So yeah, the book gave me, pardon the pun, a lot of food for thought while still making it all seem so very obvious and straight forward.  This one gets a big time recommendation.  I am now looking forward to reading some Pollan's other works.  My only question is how long will it take for this good information to get lost in the black hole of fad-diet?.  The book has already been dubbed part of the "real-food movement" so just when will this become just another sect of "nutritionism"?  Granted it would be a good trend for our nation, but if we have learned anything about our culture it is that we love a good crusade and this one may be ripe for the picking.

3 comments:

Alicen said...

If only I could write little book reviews as good, and on point, as yours! Of course I never said that was my strong point but I am glad that you enjoyed the book. I also liked that you picked out the "bad" too. He was a bit organics crazy but I didn't focus on that much because I rarely buy organics and don't intend to start since, I too, think they are hyped up a bit too much. Although I did especially like when he said the bit about organic junk food is still junk. So many people try and brush off things just because they are organic, organic or not it matters what is IN them.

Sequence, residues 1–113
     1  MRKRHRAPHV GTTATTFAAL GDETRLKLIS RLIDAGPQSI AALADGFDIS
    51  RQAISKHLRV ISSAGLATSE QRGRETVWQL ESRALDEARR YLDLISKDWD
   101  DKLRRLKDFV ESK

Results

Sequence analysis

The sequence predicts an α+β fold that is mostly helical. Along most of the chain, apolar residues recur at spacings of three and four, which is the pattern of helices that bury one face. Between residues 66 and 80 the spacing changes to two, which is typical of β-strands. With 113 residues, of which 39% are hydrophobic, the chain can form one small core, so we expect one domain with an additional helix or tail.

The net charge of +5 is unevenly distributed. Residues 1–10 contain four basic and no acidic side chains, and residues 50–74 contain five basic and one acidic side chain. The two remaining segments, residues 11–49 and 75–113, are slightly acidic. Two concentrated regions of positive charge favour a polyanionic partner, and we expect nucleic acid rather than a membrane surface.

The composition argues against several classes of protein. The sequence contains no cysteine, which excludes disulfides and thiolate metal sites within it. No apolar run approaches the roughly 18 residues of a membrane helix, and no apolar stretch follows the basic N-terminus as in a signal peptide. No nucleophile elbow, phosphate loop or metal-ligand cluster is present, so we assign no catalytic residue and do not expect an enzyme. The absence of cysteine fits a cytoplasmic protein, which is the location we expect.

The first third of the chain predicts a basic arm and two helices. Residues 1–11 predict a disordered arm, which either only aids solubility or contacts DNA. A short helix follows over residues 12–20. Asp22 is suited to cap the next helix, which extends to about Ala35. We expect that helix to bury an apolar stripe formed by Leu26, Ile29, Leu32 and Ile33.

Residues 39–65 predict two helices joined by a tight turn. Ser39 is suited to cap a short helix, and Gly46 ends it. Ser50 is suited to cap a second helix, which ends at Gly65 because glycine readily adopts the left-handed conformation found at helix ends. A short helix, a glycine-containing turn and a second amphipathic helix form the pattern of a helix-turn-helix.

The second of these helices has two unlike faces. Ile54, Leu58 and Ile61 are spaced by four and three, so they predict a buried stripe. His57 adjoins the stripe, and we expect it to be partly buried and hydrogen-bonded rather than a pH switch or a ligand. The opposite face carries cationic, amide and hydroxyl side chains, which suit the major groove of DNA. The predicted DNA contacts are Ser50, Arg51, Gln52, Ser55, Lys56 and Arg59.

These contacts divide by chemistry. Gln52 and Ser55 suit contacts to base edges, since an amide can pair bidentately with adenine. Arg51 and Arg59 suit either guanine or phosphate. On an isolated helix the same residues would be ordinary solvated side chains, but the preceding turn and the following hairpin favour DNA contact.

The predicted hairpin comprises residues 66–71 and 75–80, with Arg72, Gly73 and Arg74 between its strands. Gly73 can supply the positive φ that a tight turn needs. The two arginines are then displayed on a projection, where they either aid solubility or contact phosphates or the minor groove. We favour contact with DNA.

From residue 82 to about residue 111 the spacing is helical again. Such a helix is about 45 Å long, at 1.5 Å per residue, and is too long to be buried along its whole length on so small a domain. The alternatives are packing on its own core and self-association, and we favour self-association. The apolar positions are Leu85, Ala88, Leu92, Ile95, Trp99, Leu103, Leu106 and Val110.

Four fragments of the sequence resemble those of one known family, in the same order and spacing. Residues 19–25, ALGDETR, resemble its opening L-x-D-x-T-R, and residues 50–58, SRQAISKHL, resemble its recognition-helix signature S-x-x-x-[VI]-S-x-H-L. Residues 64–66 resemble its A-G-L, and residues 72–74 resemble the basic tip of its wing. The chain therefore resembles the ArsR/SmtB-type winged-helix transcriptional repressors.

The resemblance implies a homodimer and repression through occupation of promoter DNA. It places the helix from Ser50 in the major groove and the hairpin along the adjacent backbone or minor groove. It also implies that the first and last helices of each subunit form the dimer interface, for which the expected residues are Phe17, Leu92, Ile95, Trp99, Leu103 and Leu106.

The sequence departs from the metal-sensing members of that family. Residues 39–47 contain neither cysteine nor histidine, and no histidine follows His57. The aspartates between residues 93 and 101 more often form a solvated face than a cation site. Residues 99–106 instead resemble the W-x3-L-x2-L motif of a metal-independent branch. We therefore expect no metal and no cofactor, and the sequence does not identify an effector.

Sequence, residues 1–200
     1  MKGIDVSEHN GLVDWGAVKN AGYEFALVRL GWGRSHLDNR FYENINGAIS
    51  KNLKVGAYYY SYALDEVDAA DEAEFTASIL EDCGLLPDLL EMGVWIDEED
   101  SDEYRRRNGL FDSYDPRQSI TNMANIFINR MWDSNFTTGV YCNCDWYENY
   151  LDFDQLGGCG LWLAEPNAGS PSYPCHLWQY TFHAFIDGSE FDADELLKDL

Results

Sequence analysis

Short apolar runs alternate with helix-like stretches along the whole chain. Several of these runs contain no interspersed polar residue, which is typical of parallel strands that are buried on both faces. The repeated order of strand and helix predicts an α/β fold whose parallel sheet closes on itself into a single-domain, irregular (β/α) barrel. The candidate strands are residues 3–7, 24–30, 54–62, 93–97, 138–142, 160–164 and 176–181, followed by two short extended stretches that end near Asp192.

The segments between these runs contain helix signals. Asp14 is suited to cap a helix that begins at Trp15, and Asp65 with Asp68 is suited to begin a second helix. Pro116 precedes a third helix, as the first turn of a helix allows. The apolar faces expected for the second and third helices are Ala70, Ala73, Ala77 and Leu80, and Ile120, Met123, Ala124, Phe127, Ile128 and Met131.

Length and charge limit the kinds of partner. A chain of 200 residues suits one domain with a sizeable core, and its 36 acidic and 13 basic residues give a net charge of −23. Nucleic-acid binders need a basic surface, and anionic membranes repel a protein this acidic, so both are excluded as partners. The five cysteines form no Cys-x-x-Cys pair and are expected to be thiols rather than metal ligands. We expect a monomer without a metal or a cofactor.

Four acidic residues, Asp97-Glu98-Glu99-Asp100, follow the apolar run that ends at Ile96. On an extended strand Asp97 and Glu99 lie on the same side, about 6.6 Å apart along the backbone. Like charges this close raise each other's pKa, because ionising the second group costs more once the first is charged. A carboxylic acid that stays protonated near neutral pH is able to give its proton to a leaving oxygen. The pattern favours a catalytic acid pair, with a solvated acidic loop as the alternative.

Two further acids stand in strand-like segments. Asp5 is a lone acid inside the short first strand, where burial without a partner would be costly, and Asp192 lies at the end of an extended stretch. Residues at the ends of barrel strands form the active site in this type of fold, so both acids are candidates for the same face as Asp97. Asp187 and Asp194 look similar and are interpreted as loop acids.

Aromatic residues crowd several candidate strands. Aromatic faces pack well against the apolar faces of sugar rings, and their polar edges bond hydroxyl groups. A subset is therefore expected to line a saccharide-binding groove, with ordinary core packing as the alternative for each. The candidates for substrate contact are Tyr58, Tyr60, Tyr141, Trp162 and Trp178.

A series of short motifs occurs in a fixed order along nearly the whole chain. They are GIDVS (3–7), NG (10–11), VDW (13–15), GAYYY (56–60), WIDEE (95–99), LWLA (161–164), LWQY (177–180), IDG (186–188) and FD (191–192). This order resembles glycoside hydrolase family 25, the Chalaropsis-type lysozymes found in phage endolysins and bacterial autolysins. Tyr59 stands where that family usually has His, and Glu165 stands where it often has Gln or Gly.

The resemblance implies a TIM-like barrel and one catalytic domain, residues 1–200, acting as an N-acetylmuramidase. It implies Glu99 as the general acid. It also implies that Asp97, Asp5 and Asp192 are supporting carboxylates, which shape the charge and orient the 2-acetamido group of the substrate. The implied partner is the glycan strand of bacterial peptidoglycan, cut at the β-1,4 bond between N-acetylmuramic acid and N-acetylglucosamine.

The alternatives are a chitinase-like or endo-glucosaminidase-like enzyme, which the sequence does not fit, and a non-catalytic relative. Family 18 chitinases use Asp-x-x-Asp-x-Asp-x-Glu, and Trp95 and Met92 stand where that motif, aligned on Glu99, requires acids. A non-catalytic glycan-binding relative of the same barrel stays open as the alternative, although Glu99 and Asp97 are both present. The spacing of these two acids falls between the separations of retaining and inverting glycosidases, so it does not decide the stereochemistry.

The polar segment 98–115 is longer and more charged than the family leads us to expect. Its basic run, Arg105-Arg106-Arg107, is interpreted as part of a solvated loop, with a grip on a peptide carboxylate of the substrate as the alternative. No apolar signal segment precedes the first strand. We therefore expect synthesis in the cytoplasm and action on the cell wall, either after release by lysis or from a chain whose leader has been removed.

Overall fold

Alexis said...

@Alicen
Exactly. A woman I knew in VA would not get off my hump about eating all organic, yet fed her kid bacon and eggs every single day for breakfast. At least it will be an organic heart attack... Yeah, lets face it, I am still feeding my kids chicken nuggets even is they are the morningstar farms vegetarian ones. I wont give them up, but at least we can be realistic about it.

Word verification is "red BS" pretty close, though this might be "green BS"...oh man, I just amuse myself so much!

Alicen said...

@Alexis

Your word verifications have just been too funny, and fitting, lately!